Patent risk management company RPX Corp. is in advanced talks to acquire litigation data provider PatentFreedom, three sources familiar with the deal said, a move that highlights the growing importance of services for companies trying to fend off patent lawsuits.
Large tech companies use a variety of services to mitigate the risk of patent lawsuits. RPX’s primary business is to buy threatening patents from patent owners before its customers can be sued for infringement. The customers pay RPX a fee that RPX argues is cheaper than the cost of fighting the patents in court.
(RPX also sells patent litigation insurance. RPX Insurance Services (RPXIS) offers a policy that combines its proactive intervention in the patent market with insurance coverage. RPXIS is a coverholder at Lloyd’s, providing marketing, underwriting, and claims management services on behalf of a syndicate at Lloyd’s.)
PatentFreedom tracks the behavior of patent owners and sells subscriptions to companies and law firms so they can better negotiate.
The price and closing date of the PatentFreedom deal are not clear, though talks are at an advanced stage and PatentFreedom Chief Executive Daniel McCurdy would join RPX, the sources said.
RPX declined to comment, and McCurdy could not immediately be reached.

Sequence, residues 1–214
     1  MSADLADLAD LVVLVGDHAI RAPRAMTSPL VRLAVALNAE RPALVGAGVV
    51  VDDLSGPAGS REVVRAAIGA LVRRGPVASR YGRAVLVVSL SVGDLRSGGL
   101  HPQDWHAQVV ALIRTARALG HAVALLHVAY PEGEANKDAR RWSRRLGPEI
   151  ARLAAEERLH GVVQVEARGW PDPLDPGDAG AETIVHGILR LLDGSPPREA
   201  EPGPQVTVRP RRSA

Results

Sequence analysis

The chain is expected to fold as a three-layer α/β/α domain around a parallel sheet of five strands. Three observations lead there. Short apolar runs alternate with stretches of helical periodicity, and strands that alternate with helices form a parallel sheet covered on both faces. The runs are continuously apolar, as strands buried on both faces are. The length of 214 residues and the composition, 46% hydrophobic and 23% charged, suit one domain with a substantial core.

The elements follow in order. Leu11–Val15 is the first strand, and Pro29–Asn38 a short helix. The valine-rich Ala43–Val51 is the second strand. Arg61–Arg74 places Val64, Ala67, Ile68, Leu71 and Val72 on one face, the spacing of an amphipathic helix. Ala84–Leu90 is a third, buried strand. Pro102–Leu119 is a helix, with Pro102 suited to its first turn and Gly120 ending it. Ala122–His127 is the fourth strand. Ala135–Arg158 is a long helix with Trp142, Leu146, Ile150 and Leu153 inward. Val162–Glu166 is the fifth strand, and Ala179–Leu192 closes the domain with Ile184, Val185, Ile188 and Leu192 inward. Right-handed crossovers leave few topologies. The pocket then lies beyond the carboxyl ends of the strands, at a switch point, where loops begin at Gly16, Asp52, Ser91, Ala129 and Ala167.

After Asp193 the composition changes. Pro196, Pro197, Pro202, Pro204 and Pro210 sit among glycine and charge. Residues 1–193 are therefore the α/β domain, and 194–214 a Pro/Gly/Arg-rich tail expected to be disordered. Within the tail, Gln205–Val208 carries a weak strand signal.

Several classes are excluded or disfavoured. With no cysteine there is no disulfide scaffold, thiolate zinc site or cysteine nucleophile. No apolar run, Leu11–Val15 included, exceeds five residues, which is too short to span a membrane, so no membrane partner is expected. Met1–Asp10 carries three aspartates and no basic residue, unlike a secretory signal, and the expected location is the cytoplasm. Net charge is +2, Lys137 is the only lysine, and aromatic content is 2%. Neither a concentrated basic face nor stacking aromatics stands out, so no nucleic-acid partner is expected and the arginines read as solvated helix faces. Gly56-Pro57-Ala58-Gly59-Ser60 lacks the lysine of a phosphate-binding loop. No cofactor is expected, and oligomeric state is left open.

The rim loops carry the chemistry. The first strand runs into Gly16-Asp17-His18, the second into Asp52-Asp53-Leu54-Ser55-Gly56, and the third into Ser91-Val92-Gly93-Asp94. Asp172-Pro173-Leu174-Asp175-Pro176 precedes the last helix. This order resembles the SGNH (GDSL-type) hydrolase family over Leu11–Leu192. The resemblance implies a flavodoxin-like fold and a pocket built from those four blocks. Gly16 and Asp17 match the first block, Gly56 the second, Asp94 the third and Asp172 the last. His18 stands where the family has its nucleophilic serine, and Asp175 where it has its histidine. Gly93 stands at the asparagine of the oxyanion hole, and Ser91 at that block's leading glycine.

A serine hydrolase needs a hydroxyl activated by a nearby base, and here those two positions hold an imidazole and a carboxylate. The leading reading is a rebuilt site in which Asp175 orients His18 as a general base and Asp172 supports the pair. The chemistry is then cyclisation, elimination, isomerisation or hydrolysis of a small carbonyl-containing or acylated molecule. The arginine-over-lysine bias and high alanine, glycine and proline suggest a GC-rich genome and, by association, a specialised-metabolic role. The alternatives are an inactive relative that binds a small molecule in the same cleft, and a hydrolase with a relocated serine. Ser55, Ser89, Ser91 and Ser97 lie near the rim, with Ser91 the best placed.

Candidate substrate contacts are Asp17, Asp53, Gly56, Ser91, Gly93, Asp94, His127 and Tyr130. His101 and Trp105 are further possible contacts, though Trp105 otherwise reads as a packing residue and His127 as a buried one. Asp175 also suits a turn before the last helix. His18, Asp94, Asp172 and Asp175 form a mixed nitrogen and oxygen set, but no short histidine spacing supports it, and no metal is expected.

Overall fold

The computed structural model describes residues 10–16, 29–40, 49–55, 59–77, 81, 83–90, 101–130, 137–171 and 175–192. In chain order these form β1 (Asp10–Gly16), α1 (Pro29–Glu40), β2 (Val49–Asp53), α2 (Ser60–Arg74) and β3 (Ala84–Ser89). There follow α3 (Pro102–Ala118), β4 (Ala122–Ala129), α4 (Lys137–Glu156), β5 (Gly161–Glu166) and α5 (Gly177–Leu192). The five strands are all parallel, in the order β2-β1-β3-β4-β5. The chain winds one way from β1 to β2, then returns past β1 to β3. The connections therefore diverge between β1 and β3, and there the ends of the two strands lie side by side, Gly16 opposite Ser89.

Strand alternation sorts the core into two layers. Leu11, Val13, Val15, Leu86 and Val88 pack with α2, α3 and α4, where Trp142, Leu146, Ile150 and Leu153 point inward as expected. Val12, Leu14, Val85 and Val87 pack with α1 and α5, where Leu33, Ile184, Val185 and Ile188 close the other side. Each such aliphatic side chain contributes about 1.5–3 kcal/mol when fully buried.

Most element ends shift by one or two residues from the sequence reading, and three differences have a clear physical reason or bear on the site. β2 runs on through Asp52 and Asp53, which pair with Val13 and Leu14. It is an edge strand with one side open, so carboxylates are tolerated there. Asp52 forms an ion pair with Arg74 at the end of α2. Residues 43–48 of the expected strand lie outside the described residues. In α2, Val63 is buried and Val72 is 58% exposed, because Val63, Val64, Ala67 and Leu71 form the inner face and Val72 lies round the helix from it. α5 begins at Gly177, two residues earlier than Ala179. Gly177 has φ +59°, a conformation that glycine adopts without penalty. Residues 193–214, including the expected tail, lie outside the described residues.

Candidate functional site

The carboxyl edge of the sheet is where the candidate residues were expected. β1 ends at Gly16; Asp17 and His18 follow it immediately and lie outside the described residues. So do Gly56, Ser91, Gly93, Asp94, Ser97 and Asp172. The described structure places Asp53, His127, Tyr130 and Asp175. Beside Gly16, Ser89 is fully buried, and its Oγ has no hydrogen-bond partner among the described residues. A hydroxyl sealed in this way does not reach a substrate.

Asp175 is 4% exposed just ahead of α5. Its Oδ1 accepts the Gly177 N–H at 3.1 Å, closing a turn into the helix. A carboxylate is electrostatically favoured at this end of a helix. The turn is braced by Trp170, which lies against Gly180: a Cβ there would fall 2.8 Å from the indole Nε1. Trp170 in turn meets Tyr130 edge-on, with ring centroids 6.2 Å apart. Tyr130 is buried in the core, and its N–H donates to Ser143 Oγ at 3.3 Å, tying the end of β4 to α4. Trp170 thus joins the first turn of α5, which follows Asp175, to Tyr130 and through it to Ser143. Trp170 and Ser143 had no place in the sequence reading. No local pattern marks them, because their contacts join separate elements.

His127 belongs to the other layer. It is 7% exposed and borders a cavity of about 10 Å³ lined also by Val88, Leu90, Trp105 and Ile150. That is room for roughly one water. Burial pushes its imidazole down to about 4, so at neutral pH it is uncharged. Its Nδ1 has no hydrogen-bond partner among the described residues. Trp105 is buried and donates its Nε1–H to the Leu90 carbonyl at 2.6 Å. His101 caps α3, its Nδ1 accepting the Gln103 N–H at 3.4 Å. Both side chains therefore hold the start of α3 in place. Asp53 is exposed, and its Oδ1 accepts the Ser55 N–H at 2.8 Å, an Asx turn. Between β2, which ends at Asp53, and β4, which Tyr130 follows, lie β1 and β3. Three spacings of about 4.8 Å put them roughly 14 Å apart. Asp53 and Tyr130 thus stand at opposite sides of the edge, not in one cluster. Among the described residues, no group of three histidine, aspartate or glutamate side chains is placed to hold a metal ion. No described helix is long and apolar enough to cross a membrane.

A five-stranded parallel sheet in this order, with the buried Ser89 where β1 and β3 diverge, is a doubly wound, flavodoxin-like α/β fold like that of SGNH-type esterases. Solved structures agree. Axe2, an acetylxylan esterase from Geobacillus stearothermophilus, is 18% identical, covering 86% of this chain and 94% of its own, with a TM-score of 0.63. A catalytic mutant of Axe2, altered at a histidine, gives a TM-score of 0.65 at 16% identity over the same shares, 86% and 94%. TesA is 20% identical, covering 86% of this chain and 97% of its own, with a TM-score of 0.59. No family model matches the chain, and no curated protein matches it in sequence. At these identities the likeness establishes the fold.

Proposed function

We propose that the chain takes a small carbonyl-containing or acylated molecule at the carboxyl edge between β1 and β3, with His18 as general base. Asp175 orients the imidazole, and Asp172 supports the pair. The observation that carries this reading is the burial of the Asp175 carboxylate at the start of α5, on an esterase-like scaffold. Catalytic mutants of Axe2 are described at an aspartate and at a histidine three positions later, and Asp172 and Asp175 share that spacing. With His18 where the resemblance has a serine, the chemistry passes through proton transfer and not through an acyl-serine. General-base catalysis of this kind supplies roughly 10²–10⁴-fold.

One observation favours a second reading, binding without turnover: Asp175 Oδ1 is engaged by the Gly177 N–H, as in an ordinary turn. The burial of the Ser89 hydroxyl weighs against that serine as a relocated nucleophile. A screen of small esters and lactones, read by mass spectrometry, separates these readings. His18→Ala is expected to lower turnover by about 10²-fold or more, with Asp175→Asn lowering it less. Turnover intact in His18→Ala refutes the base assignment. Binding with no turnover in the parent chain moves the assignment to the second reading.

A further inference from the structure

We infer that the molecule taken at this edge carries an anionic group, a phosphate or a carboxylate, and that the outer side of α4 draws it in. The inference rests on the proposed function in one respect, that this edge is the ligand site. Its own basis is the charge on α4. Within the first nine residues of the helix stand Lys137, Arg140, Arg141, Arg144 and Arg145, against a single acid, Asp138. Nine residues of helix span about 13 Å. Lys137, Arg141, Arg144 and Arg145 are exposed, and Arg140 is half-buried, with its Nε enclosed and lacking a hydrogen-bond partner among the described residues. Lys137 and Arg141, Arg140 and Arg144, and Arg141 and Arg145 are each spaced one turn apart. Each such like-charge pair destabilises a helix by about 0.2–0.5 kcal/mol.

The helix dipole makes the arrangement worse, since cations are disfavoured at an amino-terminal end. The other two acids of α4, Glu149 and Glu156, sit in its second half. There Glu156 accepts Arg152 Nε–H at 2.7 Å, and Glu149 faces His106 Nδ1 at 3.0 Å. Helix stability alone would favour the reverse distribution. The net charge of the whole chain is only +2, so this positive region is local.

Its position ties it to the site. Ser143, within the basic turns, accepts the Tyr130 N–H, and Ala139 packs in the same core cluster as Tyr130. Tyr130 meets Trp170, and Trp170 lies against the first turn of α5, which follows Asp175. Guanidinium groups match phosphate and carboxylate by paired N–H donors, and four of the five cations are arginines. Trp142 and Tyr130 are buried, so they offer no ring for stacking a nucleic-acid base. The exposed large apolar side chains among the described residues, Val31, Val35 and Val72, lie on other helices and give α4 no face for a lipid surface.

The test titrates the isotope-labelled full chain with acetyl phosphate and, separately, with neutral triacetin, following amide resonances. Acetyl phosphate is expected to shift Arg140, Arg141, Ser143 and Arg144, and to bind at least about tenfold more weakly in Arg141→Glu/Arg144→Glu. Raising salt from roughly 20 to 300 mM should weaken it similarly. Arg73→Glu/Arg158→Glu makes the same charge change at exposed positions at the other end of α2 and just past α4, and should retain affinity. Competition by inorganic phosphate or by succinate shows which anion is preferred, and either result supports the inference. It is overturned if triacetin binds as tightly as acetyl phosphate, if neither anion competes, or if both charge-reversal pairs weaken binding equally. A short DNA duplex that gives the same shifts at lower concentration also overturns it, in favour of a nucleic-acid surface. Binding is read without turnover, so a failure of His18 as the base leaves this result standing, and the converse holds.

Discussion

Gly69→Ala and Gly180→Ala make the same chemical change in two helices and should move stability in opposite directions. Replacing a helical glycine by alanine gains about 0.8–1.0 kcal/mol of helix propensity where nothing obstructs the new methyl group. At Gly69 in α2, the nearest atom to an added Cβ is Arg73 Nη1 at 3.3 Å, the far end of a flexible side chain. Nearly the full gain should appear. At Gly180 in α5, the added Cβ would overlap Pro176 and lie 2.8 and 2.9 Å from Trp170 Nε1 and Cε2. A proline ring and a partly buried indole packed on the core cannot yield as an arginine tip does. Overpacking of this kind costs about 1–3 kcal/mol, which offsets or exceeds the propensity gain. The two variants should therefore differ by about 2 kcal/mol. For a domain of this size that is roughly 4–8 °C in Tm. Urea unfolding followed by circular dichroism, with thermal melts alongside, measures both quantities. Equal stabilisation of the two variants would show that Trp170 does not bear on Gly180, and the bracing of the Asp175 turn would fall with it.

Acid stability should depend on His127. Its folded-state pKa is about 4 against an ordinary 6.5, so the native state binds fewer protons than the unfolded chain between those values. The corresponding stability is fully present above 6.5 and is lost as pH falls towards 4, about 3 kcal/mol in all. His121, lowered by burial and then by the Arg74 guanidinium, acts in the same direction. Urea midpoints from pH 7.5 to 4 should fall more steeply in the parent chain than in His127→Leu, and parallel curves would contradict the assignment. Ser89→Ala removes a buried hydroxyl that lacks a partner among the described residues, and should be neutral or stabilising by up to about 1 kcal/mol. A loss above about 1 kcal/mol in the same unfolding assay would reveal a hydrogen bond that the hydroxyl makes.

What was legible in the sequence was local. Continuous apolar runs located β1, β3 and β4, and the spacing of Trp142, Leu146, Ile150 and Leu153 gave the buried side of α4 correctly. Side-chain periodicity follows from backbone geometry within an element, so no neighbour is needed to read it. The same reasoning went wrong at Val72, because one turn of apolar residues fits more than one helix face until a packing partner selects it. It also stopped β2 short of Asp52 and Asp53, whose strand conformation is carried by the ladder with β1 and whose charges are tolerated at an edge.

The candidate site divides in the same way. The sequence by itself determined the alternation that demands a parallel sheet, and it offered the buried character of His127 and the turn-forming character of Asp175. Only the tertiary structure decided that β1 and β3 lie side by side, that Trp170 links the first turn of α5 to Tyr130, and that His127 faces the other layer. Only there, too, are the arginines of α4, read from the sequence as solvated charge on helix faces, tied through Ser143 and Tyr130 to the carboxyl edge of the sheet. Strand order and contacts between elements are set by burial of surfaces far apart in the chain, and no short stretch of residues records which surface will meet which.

By acquiring PatentFreedom, RPX would also poach the CEO of one of its competitors for patent deals. In addition to leading PatentFreedom, McCurdy is chief executive of Allied Security Trust, a non-profit backed by Google, Oracle and other tech companies to buy risky patents much as RPX does.
Oracle declined comment and a representative for Google could not be reached.
During the last two decades, patent litigation in the United States has grown hugely, especially in the tech world. Critics say owners of dubious patents – dubbed patent trolls – can too easily threaten litigation to force companies into costly settlements.
President Barack Obama has highlighted patent trolls as a major problem, and legislation to make it easier to defend against patent lawsuits passed the U.S. House of Representatives last year. However, it was shelved in the Senate last month, because a compromise could not be reached that would prevent abuse of patent litigation without punishing legitimate innovators.
In the absence of political fixes, tech companies have turned to an assortment of companies such as RPX, which say they minimize patent risk.
Each of them employs a slightly different model. RPX says it acquires patents defensively and will not file lawsuits. Intellectual Ventures, meanwhile, also acquires patents but sues companies in an attempt to monetize those assets for its investors.
Allied Security Trust uses its members’ financing to buy patents before they end up in court, while Unified Patents attempts to invalidate threatening patents instead of acquiring them.
RPX has touted its data capabilities as a crucial component of the patent litigation insurance product that it sells.
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